In last week’s update we confirmed that all parkrun events across the world will remain closed until at least this calendar month. In some parkrun countries that message was entirely expected, as they are still relatively early in their efforts to overcome the challenge presented to them by COVID-19. However, some other parkrun countries are experiencing significant relaxation of restrictions, and are beginning to approach something resembling normal life.
To reiterate previous updates, all decisions to reopen parkrun events in any specific part of the world will be taken by parkrun Global (the UK-based charity ultimately responsible for every parkrun event) in collaboration with dedicated parkrun staff or volunteers in each country. Importantly, we continue to review each parkrun country’s unique situation and are committed to reopening their events as soon as appropriate.
Further, whilst we are not at this stage ruling out changes to operations required at event level, our current position is that we will not open parkrun events in any country until we can do so across that entire country, safely and without compromising any public health guidelines in that country. We are also, at this stage, not looking to reopen events until we can do so in a way that is the same as or similar to how they operated before lockdown.
We understand the good intentions behind the many suggestions being presented around changes to how parkrun events could operate. We’ve seen ideas such as wave starts, no finish tokens, limited attendance, and enforced physical distancing between participants. However, the majority of these interventions are likely to add levels of complexity to our operating model that at best make it incredibly difficult for volunteers to deliver events, and in some cases make it impossible.
Importantly, much of our success over the last fifteen years has been due to our relentless focus on removing barriers to event delivery (as well as to event participation), and now more than ever we must keep that principle at the forefront of our minds.
We know that many people will read this update and wonder how parkrun will ever be able to return without significant changes to how it operates. However, in almost every parkrun country, the impact of COVID-19 is diminishing daily, public health guidelines are changing accordingly, and restrictions are being gradually relaxed.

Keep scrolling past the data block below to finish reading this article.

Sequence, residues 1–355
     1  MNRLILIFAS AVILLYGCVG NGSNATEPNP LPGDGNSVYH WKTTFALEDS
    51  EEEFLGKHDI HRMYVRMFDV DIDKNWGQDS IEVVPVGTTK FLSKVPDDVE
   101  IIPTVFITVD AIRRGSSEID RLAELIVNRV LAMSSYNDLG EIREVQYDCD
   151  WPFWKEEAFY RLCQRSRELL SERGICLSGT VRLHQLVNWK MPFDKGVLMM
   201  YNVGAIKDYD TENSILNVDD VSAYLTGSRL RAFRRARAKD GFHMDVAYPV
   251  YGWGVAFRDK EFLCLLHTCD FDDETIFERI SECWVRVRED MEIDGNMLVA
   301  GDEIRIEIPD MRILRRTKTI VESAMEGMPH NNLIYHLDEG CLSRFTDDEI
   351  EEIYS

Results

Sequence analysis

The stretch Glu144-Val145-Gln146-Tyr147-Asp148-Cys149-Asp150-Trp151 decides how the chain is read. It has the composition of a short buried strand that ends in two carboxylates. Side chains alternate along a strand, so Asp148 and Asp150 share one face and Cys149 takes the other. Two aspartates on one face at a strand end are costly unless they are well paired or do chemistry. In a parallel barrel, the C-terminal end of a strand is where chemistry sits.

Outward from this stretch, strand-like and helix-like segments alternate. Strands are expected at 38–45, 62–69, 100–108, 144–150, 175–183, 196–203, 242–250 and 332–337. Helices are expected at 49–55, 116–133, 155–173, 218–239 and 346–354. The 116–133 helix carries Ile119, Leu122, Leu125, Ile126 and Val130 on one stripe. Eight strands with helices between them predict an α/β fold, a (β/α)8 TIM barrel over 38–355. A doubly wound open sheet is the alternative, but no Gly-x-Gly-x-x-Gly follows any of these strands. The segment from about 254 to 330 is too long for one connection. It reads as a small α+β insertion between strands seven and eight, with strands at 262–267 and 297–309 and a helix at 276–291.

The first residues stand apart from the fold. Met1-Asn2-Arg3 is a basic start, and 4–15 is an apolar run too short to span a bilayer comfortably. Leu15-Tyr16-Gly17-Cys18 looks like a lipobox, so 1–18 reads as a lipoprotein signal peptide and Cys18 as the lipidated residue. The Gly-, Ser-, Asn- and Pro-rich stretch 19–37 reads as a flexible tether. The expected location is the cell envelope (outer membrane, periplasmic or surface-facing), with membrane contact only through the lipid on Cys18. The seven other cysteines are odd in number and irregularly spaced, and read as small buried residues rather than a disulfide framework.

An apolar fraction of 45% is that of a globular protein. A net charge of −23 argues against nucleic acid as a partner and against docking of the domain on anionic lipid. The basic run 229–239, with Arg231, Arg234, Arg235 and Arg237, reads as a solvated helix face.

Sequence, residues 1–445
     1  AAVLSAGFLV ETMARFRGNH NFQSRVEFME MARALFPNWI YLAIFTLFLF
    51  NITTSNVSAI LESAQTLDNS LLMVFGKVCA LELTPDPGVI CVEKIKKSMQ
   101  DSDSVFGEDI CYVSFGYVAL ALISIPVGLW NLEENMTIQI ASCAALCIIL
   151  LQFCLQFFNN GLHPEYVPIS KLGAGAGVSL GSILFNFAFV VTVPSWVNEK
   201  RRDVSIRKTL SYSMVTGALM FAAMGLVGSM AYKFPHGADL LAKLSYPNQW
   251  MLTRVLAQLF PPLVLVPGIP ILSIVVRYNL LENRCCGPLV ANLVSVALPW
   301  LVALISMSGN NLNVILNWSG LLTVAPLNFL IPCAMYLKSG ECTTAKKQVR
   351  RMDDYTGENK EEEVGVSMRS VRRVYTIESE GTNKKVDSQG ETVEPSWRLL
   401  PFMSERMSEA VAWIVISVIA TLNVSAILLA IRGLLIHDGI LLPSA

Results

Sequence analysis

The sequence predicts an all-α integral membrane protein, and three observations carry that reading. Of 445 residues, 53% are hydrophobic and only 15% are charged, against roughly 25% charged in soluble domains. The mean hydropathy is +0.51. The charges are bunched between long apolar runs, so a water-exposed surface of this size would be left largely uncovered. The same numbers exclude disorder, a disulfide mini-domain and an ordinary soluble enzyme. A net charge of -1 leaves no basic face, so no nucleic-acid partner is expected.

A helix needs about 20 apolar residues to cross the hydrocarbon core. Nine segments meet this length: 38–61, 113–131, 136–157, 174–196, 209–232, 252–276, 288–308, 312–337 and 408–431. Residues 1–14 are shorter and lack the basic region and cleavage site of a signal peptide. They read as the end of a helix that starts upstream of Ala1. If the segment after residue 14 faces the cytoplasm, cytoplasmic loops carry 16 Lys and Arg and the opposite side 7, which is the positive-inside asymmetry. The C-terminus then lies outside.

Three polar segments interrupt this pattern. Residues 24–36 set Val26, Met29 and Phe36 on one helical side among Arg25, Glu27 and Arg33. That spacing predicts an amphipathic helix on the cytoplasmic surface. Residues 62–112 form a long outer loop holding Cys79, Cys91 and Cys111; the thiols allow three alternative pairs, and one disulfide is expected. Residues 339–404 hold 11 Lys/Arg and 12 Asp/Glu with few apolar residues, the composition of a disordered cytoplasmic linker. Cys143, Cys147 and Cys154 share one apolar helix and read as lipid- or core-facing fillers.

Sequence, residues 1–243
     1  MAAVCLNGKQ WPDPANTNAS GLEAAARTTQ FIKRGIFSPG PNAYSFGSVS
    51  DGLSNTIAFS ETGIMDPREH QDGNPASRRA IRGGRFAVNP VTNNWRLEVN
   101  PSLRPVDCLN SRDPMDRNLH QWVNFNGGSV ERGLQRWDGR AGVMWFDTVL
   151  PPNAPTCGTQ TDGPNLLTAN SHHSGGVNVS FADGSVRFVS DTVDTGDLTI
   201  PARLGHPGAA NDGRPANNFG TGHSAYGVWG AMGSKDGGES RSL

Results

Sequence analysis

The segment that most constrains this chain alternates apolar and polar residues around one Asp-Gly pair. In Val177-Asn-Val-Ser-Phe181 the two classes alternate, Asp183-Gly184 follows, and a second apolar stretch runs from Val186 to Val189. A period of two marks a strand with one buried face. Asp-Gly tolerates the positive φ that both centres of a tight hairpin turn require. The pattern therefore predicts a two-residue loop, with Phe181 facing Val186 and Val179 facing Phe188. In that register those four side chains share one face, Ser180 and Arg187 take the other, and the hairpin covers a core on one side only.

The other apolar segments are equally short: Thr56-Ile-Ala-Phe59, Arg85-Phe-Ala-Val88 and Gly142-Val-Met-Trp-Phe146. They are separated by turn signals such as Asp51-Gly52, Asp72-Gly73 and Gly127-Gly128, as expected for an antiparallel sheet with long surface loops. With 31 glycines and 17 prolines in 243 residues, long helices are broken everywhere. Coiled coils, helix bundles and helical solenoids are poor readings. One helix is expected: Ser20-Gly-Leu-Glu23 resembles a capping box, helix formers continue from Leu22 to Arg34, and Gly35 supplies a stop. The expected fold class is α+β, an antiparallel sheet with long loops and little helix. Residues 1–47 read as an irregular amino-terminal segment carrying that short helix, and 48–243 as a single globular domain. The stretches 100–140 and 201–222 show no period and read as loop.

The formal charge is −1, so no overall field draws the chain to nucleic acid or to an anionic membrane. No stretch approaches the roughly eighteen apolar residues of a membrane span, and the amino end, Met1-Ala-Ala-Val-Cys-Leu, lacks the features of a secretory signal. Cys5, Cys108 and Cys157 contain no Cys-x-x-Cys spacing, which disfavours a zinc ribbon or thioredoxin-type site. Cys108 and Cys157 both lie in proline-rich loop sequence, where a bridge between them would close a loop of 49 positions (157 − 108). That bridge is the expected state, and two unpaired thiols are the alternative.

Many governments have committed to a return of all sporting activities, including contact sports and those where physical distancing is not possible. Schools are returning, people are going back to work, and communities are re-engaging. All of these positive steps are steps closer to parkrun events being welcomed back into the communities they exist within, and each one provides a learning opportunity. As a result, we remain confident that, in time, all parkrun events will return.
Even more important to our success has been a focus on increased human interaction, and the utilisation of technology to enhance opportunities for people to be together, to socialise, and to share areas of open space. Again, now more than ever, it is vital that we retain our commitment to bringing people together not moving them apart.
Whilst all parkrun events remain closed this weekly update will contain all relevant information relating to the COVID-19 situation and parkrun. As we take decisions to reopen parkrun countries, relevant announcements will be made here first and from that point communications relating to the reopening of those countries will be communicated via country-specific communications channels.
Thank you for your continued support, patience, and understanding.
We are getting through this, together.
Chief Operating Officer
With the reopening of 12 events in Tasmania last Saturday, we saw over 5,000 different people walk, jog, run, or volunteer across 45 parkrun events worldwide. Although this represents only 2% of events, 5,000 participants is a significant milestone that took us five-and-a-half years to achieve the first time around. Sadly, due to increased…
The wide-ranging benefits of parkrun participation on people’s health and wellbeing are well known, and supported by a growing body of evidence. But what happens when there are no parkrun events to take part in? What is the impact on people’s health and wellbeing if the opportunity to join with others for a walk, jog…